I've got a question concerning some weird kind of Lipschitz constant function, but it's an introduction course in Mathematics, so Lipschitz continuity isn't part of the course (to my knowledge). Here's the question:


Let $f:\mathbb{R}\rightarrow\mathbb{R}$ be a function and $a\in\mathbb{R}$. Define the sequence $(x_n)_{n\geq 0}$ by $x_0=a$ and for $n\geq 0, x_{n+1}=f(x_n)$.

Assume now that the function $f(x)$ has the following property: There is a constant $L\in(0,1)$ such that for all $x,y\in\mathbb{R}$ that following holds: $|f(x)-f(y)|\leq L|x-y|$.

Already Shown / Proven $$|x_{k+1}-x_k|\leq L^k|x_1-x_0|$$ For all $n>m\geq 0$ the following holds: $$|x_n-x_m|\leq\sum_{k=m}^{n-1}L^k|x_1-x_0|$$

The sequence $(x_n)_{n\geq 0}$ is convergent (by Cauchy).


Show that $z$ defined by $z=\lim_{n\to\infty}x_n$ is the unique solution of the equation: $$x=f(x)$$

(So to prove: there is a solution, and there is at maximum one solution)

How far i've come

I don't really know what to do except write the following: $$z=\lim_{n\to\infty}x_n=\lim_{n\to\infty}f(x_{n-1})$$ Or: $$f(z)=f(\lim_{n\to\infty}x_n)=\lim_{n\to\infty}x_{n+1}??$$

I don't even know if this is correct. I just need a little push to get going.


2 Answers 2


This is known as the Banach fixed-point theorem. There is a solution to $f(x)=x$, namely $\lim_{n\to\infty}x_n$, since $$f(x) = f\left(\lim_{n\to\infty} x_n\right) = \lim_{n\to\infty}f(x_n)=\lim_{n\to\infty} x_{n+1} = x, $$ where continuity of $f$ justifies the interchange of limit. Now suppose $x'$ satisfies $f(x')=x'$. Then $$0 \leqslant |x'-x| = |f(x')-f(x)|\leqslant L|x'-x|. $$ Since $0<L<1$, this implies that $|x'-x|=0$, and hence $x'=x$, which means that the solution is unique.


There are a few things to do in this problem:

  1. Show that there is a $z$ with $f(z) = z$
  2. Show that this $z$ is unique
  3. Show that the function converges
  4. Show that the function must converge to such a $z$


First we show that such a $z$ exists. Take $b = f(0)$. There are three cases. Either $b = 0$, $b < 0$ or $b > 0$. If $b = 0$, we are done. Otherwise, look at the function $g(x) = f(x) - x$ (I'm assuming $b$ is positive for simplicity, the exact same argument and $g$ works for $b$ negative). Note that for $z$ such that $f(z) = z$, we have $g(z) = 0$. We know that $g(0) = b$, and we have: $$ g(b/(1-L)) = f(b/(1-L)) - b/(1-L)\\ = \big(f(b/(1-L)) - f(0)\big) + b - b/(1-L)\\ \leq |f(b/(1-L)) - f(0)| + b - b/(1-L) \\ \leq L|b/(1-L) - 0| + b - b/(1-L)\\ \leq L\frac{b}{1-L} + b - \frac{b}{1-L}\\ = \frac{bL + b(1-L) - b}{1-L} = 0 $$ which means that either $g(b/(1-L)) = 0$, and we have our $z$, or we have $g(b/(1-L)) < 0$, which means that $g$ changes from positive to negative between $0$ and $b/(1-L)$, so by the intermediate value theorem. Either way, we've proven the existence of $z$.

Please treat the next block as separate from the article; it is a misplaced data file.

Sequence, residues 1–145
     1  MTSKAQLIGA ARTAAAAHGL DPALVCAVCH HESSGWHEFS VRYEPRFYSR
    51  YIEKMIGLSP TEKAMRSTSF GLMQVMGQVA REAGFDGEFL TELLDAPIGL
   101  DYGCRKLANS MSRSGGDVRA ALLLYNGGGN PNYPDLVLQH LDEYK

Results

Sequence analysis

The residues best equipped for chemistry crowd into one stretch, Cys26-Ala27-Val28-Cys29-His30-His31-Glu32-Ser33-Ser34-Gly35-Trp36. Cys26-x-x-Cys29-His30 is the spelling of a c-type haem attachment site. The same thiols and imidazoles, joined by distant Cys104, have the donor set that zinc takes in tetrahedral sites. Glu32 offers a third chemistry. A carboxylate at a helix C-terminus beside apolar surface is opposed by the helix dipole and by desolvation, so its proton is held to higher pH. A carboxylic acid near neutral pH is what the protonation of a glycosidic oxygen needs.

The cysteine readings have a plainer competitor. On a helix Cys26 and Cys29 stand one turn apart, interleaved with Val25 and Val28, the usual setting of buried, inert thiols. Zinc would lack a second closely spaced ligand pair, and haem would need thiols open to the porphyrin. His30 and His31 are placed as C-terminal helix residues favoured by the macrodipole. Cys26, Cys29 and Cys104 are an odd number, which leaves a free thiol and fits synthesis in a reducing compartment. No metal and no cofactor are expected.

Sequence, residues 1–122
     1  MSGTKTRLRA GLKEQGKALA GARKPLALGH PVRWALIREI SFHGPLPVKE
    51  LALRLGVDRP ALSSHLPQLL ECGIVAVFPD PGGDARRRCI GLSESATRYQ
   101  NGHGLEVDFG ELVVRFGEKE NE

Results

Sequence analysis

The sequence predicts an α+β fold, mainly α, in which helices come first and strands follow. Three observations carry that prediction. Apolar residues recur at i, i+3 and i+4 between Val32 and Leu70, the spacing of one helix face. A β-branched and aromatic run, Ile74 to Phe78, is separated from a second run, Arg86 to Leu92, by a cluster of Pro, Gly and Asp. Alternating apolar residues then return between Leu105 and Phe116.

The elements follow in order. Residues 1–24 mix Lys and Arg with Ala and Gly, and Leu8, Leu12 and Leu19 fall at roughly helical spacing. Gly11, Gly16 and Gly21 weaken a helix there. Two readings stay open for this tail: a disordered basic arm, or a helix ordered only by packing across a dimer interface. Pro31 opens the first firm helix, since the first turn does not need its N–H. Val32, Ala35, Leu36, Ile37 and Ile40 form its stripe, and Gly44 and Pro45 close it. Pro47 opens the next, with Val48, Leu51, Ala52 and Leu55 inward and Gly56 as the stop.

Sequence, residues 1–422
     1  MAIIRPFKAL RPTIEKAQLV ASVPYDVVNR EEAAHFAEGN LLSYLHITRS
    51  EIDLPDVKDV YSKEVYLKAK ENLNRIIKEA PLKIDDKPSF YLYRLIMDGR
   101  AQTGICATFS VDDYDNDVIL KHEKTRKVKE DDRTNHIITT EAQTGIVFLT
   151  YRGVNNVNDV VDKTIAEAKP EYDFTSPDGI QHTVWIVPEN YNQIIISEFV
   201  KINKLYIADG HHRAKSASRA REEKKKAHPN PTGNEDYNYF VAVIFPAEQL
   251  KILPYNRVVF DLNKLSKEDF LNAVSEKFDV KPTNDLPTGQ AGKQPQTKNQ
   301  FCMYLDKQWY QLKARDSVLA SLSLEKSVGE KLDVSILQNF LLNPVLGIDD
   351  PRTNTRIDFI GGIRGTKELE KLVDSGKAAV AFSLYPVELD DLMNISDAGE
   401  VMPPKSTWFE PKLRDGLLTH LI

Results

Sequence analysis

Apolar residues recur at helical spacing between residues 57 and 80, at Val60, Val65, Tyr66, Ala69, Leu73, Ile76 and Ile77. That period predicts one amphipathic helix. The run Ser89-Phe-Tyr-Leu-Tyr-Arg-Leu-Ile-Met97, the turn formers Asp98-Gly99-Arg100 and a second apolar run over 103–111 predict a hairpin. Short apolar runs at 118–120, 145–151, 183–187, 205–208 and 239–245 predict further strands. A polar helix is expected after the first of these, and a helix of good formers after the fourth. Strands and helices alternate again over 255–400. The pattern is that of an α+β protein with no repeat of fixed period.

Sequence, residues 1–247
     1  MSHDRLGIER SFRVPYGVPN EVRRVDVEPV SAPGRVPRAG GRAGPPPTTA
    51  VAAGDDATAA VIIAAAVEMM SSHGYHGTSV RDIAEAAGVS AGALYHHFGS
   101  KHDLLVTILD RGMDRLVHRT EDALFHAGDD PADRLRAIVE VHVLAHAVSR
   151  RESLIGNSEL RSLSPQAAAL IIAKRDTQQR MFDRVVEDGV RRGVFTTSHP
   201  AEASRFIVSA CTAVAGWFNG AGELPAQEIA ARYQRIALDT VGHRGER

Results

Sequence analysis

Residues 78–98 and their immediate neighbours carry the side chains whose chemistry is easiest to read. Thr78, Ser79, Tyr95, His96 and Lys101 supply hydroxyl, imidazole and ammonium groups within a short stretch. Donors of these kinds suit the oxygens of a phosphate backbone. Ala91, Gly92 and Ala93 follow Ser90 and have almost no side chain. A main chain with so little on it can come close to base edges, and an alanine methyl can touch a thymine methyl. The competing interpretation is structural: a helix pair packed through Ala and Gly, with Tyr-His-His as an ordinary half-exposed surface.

As for why there is a unique $z$ with $f(z)=z$, assume there are two such points $z_1,z_2$. Then $|f(z_1)-f(z_2)|=|z_1-z_2| > L|z_1 - z_2|$, which is not allowed.


You've proven that the sequence is Cauchy, so it does converge to some value.


Assume the limit is some number $y$ with $f(y)\neq y$, let's say $|f(y) - y| = \delta$. By definition of limit of a sequence, there is an $N \in \Bbb N$ such that for each $n> N$, we have $|y-x_n| < \delta/2$, say. This implies that $|y - x_{n+1}| = |y - f(x_n)| < \delta/2$. But we have $|f(y_n) - f(x_n)| < L\delta/2$. Therefore $$ |y - f(x_n)| + |f(x_n) - y| < \frac\delta2 + L\frac\delta2 < \delta = |y - f(y)| $$ which violates the triangle inequality. Such a $y$ can therefore not be the limit of the sequence. That leaves the $z$ from above as the only available limit value, and since you know the limit exists, we are done.


You must log in to answer this question.

Not the answer you're looking for? Browse other questions tagged .